Prediction: The flipside of those Variety Talk gripes is that Variety Sketch turned out to be a surprisingly vibrant addition to the Emmys, an award seemingly custom-made for the Emmys’ ultimate champion that Saturday Night Live has only won once so far. But the cutting edge of cable sketch has dulled in recent years, and although season 43 failed to grab as many headlines as its predecessor, it did contain the back-to-back triumphs of the John Mulaney and Donald Glover episodes—and Tiffany Haddish has already taken home an Emmy for her November 2017 hosting stint.
Preference: On the opposite end of the spectrum from SNL’s big tent are the kitschy little quarters of At Home With Amy Sedaris, the truTV series that combines its host’s genuine flair for crafting and entertaining with the cracked comedic sensibility she’s previously brought to Strangers With Candy, Unbreakable Kimmy Schmidt, and The Heart She Holler. It’s the Outstanding Variety Sketch series that could both brighten an Emmy ceremony and your personal Emmy party!
Overlooked: The Chris Gethard Show’s whole thing was about doing whatever you want regardless of acceptance from mainstream gatekeepers like Emmy voters. But its adventurousness and the feeling of community that sprung up around it are prime examples of what TV (and especially TV in this connected age) is capable of, the kind of thing that’s right in line with the values of a body devoted to celebrating and furthering the medium. Not that anyone should care what they think.
Nominees: The Amazing Race, American Ninja Warrior, Project Runway, RuPaul’s Drag Race, The Voice
Prediction: Here’s the other Emmy that’s stuck in a rut; whereas Variety Talk could do with further stratification, Variety’s Daniel D’addario suggests Outstanding Reality Competition could stand with some consolidation. Only three series have ever won this award, and only two of them have done it more than twice: The Amazing Race and The Voice. And The Voice is coming into 2018 with three consecutive wins. Seems like another lock for the show where the judges have always and will always be a bigger draw than the singers.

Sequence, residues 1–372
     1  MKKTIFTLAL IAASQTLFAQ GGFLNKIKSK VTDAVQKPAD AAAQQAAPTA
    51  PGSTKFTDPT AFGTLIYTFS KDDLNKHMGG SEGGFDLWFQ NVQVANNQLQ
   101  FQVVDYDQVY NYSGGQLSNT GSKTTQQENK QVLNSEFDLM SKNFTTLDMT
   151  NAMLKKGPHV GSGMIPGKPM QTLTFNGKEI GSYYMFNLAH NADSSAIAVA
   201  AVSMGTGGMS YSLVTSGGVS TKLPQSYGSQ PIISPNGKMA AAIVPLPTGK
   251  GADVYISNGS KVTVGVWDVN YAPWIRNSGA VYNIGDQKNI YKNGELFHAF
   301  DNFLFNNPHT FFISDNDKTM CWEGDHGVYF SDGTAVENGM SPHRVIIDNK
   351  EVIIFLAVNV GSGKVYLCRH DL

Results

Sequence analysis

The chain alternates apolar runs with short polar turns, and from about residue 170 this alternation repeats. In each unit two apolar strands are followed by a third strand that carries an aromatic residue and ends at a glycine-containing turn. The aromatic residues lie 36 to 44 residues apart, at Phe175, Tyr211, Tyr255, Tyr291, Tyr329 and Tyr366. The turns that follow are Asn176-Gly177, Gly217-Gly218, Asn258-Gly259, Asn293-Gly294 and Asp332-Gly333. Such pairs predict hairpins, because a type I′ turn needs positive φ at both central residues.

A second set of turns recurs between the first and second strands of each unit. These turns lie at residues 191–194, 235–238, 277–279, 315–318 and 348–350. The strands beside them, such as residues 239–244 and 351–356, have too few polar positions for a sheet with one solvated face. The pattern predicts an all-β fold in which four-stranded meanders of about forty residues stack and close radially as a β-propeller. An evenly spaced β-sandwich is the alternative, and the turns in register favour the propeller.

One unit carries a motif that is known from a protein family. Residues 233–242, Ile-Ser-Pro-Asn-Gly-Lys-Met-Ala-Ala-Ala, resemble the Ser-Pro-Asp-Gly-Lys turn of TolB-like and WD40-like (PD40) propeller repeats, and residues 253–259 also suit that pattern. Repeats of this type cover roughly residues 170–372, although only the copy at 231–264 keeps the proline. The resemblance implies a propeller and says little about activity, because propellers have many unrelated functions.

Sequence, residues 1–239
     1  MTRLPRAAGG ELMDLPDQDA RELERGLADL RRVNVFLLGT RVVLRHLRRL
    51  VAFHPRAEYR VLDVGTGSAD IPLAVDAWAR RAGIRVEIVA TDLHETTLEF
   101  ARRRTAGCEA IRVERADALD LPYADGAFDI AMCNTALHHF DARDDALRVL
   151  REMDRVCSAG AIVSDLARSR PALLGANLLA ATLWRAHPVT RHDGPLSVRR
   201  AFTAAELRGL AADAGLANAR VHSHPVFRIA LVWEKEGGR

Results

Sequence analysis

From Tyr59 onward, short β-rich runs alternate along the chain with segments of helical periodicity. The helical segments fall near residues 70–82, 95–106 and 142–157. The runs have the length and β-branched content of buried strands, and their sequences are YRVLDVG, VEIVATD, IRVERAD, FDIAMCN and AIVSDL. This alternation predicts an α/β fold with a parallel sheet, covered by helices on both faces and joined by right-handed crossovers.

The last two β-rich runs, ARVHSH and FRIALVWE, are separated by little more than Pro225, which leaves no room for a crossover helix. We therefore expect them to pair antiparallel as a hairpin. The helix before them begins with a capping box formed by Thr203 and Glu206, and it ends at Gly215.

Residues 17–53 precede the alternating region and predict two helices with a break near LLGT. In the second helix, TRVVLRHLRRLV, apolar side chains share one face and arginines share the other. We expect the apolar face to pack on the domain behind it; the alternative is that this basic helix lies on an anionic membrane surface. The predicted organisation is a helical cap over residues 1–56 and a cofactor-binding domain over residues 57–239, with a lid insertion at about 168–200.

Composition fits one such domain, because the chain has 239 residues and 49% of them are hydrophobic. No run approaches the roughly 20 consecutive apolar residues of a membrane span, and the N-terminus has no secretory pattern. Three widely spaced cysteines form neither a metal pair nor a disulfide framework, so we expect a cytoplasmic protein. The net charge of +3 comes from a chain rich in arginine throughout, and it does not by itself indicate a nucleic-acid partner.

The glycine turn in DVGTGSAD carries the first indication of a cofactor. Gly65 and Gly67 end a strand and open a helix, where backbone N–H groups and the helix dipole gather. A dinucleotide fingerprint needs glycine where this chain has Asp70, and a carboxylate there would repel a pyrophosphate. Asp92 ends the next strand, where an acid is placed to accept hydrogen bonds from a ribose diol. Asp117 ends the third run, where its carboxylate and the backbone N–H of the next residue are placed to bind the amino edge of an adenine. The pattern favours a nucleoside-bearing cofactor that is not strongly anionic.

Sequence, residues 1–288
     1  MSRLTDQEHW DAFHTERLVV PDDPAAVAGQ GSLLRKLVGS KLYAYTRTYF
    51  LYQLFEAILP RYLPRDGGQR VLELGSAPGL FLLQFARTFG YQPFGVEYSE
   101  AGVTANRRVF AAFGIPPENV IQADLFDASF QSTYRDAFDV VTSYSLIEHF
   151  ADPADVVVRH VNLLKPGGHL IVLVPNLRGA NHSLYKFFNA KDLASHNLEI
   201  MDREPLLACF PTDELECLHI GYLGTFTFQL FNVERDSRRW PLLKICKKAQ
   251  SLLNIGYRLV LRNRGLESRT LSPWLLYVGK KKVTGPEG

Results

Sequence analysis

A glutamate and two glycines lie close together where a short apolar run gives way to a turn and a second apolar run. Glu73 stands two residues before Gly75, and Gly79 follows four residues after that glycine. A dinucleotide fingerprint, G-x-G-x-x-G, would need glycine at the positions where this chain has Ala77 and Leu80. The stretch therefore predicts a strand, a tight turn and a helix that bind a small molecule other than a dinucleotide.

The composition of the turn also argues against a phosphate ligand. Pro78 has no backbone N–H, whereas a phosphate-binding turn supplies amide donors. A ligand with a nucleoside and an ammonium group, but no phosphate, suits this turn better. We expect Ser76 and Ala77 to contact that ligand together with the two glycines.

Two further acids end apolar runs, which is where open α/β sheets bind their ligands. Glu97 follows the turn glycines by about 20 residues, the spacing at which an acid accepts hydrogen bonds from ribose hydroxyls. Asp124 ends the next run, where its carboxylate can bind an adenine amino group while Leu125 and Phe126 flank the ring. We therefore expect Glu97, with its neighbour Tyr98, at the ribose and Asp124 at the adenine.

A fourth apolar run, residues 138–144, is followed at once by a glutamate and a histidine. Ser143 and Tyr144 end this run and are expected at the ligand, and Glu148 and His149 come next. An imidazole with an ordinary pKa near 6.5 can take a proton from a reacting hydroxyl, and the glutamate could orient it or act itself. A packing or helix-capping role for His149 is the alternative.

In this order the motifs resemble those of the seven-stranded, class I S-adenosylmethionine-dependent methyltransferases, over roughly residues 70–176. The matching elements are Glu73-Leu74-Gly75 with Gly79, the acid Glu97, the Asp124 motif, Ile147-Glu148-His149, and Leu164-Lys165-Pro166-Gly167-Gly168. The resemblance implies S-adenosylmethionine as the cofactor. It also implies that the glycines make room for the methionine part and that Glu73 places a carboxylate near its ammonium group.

But but but: There is a challenger on the rise, and it is RuPaul’s Drag Race. The omnidirectional high-camp reality parody has evolved into one of the grande dames of genre, and its 10th season was a graceful act of saving face following a lackluster All Stars installment. The safe money’s on The Voice, but here’s where I’ll throw caution to the wind. One of these years, Drag Race will be Outstanding Reality-Competition Program—why not this year?
Preference: I mean, c’mon. Did you see a more Emmy-worthy moment in a reality show this year?
Overlooked: Really, what’s most missing from the reality-competition winner’s circle is a little bit of fun. I hope Making It shows up here next year. The kitchen chaos of Nailed It! would’ve been a worthy warm-up.
Nominees: Stephen Daldry, The Crown—“Paterfamilias”; Alan Taylor, Game Of Thrones—“Beyond The Wall”; Jeremy Podeswa, Game Of Thrones—“The Dragon And The Wolf”; Kari Skogland, The Handmaid’s Tale—“After”; Jason Bateman, Ozark—“The Toll”; Daniel Sackheim, Ozark—“Tonight We Improvise”; The Duffer Brothers, Stranger Things—“Chapter Nine: The Gate”
Prediction: Rule of thumb for divining best drama direction awards in the 2010s: Go with the Game Of Thrones battle. “Beyond The Wall” wins, even if humanity doesn’t.
Preference: Anything but the Ozark episodes, in which I can’t imagine any directorial ingenuity is legible through the low lighting and blue filters. Of the other nominated shows arriving to be slaughtered by Game Of Thrones’ dead, I would’ve favored different episodes for each: The Crown’s whizzbang “peer sneer,” The Handmaid’s Tale’s time among the ghosts of The Boston Globe, and Stranger Things’ Jurassic Park/Aliens romp at the lab.
Nominees: Donald Glover, Atlanta—“FUBU”; Hiro Murai, Atlanta—“Teddy Perkins”; Bill Hader, Barry—“Chapter One: Make Your Mark”; Mark Cendrowski, The Big Bang Theory—“The Bow Tie Asymmetry”; Jesse Peretz, GLOW—pilot; Amy Sherman-Palladino, The Marvelous Mrs. Maisel—pilot; Mike Judge, Silicon Valley—“Initial Coin Offering”